• If the New York taxable estate is less than or equal to the basic exclusion amount, the Applicable Credit Amount will be the amount of the tax so computed and, therefore, serves as a wash.
  • If the New York taxable estate is up to 5% greater than the basic exclusion amount, the Applicable Credit Amount will be limited based on a formula, resulting in a rapidly increasing tax for each percent over the basic exclusion amount.
  • If the New York taxable estate is greater than 105% of the basic exclusion amount, no credit is allowed.

The Executive Budget keeps the top bracket at 16%.  Nevertheless, there has been a change in bracket structure.  As a result, estates valued in excess of 105% of the basic exclusion amount will have the same tax they would have had under the old law.

The rates included in the Executive Budget only cover the period for a decedent dying on or after April 1, 2014 and before April 1, 2015.  While this might have been an error that will require a technical correction, there is some question as to whether it is a time-limited compromise, test period or mandate reached during the budget negotiations.

New York has not had a gift tax since 2000 when New York’s gift tax was repealed.  Consequently, a commonly used estate planning technique to reduce the size of a New York resident’s estate tax was to make gifts within the allowable federal exemption.  Not only was the donor able to make a completed gift without incurring gift tax liability in New York, but so long as she had no retained an interest in the gifted property, she was assured that the value of the gift would not come back into her estate for estate tax purposes.  The Executive Budget provides that taxable gifts made within three (3) years of death (if not otherwise includible in the federal gross estate) must be added back to a decedent’s New York estate for estate tax purposes.  The “addback” does not apply to  gifts made (i) when the decedent was not a resident of New York, (ii) before April 1, 2014, and (iii) after December 31, 2018.  In general, “taxable gifts” do not include annual exclusion gifts (currently $14,000 per done) and payments made directly for tuition and medical expenses.  The addback, however, does not appear to exclude gifts of real or tangible personal property outside of New York State, which, if owned at a decedent’s death, would not be subject to New York’s estate tax.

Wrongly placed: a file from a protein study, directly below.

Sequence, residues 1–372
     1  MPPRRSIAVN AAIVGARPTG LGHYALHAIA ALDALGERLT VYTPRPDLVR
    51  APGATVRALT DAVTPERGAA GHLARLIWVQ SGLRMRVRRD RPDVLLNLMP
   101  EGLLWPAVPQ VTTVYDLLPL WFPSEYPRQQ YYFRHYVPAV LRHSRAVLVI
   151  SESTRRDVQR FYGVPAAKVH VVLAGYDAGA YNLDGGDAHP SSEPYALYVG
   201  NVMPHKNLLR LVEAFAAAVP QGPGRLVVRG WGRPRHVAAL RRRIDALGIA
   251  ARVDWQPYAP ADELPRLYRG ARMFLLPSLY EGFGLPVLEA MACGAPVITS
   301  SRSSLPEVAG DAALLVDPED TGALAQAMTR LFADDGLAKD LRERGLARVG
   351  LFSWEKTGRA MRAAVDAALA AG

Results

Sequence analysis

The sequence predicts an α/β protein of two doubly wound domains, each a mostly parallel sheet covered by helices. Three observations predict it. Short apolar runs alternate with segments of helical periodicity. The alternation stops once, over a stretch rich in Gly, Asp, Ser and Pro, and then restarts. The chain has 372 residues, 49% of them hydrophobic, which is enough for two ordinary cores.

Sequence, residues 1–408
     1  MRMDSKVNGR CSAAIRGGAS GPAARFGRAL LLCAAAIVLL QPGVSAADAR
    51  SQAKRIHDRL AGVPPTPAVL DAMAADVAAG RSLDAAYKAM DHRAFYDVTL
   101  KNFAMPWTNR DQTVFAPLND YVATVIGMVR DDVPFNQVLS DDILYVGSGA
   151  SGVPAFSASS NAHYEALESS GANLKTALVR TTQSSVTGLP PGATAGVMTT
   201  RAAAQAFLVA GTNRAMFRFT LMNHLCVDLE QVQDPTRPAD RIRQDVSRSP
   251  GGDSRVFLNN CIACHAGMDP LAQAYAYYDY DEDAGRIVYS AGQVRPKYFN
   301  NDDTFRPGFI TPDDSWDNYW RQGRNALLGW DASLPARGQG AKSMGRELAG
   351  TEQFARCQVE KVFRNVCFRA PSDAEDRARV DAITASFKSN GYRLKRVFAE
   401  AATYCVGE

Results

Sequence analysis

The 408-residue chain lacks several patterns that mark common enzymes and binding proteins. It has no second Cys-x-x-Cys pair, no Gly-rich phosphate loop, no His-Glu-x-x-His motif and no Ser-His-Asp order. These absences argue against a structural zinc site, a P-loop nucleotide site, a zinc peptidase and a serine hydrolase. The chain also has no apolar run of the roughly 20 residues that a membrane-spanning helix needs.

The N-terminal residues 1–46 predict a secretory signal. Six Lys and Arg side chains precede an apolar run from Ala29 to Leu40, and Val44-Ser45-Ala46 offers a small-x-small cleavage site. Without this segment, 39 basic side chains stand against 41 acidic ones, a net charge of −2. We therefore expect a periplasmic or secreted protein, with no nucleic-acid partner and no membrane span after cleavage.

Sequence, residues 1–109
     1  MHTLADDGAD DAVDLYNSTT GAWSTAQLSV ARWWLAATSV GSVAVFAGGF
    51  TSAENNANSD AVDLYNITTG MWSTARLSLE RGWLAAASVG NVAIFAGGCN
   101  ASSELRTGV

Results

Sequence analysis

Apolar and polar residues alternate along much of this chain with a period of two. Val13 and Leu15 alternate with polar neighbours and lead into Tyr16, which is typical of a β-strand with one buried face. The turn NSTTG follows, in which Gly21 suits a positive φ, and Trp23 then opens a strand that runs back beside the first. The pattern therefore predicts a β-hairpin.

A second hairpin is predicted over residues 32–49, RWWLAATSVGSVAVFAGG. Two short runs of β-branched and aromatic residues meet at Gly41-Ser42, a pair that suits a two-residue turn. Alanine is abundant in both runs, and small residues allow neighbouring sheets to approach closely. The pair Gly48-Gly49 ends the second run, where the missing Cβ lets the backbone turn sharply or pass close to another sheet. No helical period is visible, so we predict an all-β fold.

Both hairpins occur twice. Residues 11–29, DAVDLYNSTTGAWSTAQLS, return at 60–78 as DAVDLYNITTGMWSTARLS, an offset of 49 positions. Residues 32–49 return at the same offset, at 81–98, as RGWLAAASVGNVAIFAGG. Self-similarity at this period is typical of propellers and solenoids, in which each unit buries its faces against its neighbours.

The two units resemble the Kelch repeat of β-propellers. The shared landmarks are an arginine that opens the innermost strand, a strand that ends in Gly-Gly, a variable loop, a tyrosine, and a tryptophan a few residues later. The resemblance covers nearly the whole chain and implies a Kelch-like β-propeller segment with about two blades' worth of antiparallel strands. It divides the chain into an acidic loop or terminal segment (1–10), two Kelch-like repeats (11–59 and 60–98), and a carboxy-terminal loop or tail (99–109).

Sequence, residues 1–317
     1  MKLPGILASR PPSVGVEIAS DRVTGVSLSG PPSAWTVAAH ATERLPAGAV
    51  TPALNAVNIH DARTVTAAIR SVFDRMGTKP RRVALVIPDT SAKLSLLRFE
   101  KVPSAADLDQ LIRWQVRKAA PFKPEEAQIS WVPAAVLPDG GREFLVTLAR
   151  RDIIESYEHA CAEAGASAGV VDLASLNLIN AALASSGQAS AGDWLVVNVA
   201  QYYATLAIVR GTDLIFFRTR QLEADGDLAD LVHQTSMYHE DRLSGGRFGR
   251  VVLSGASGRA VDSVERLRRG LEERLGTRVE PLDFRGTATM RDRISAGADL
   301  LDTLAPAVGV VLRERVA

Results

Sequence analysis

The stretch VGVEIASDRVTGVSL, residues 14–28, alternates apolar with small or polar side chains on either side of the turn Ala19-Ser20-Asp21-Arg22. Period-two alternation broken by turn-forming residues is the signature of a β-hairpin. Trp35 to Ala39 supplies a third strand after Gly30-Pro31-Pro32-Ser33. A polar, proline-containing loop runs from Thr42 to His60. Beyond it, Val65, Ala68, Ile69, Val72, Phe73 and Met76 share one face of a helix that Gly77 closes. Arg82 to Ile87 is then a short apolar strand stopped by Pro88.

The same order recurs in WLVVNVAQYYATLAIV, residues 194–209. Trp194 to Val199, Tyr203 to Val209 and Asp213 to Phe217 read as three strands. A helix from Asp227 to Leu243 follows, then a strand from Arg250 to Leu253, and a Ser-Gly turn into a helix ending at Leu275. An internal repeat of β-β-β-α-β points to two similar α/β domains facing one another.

The Executive Budget has repealed New York’s generation-skipping transfer (“GST”) tax, applicable to taxable distributions to “skip persons” and taxable terminations where “skip persons” receive a trust distribution on its termination.

New York residents may need to modify their estate plan and estate plan documents to reflect these changes to the New York State estate and gift tax law.  Pashman Stein tax attorneys are prepared to advise you and assist you in how best to incorporate these changes into your estate plan.

Using Decanting To Modify An Irrevocable Trust

By Jennifer Castranova, Esq.
jcastranova@pashmanstein.com

Many estate planners use irrevocable trusts to facilitate lifetime gifts and remove assets from an estate.  But what can you do when the irrevocable trust contains a provision that you would prefer to amend or when changed circumstances call for changes to the existing trust?  If the trust is “irrevocable”, are you stuck with the existing provisions?

Now, in these situations, planners are able to use a technique called “decanting” to cure substantive and administrative problems in irrevocable trusts.  Decanting allows the trustee of an existing trust to distribute all or part of the trust principal to another irrevocable trust (the “appointed trust”).  A number of states have enacted statutes specifically dealing with decanting.

In New York, EPTL 10-6.6 contains rules governing to which trusts can be decanted, what provisions may be changed and how to decant.  In order to decant in New York, the existing trust agreement must give the trustee the power to invade the trust principal.  The extent of that power determines what types of changes can be made in the appointed trust.

If the Trustee has unlimited power to invade principal then:

(1) The existing trust can be decanted to another trust for the benefit of any one or more beneficiaries of the existing trust;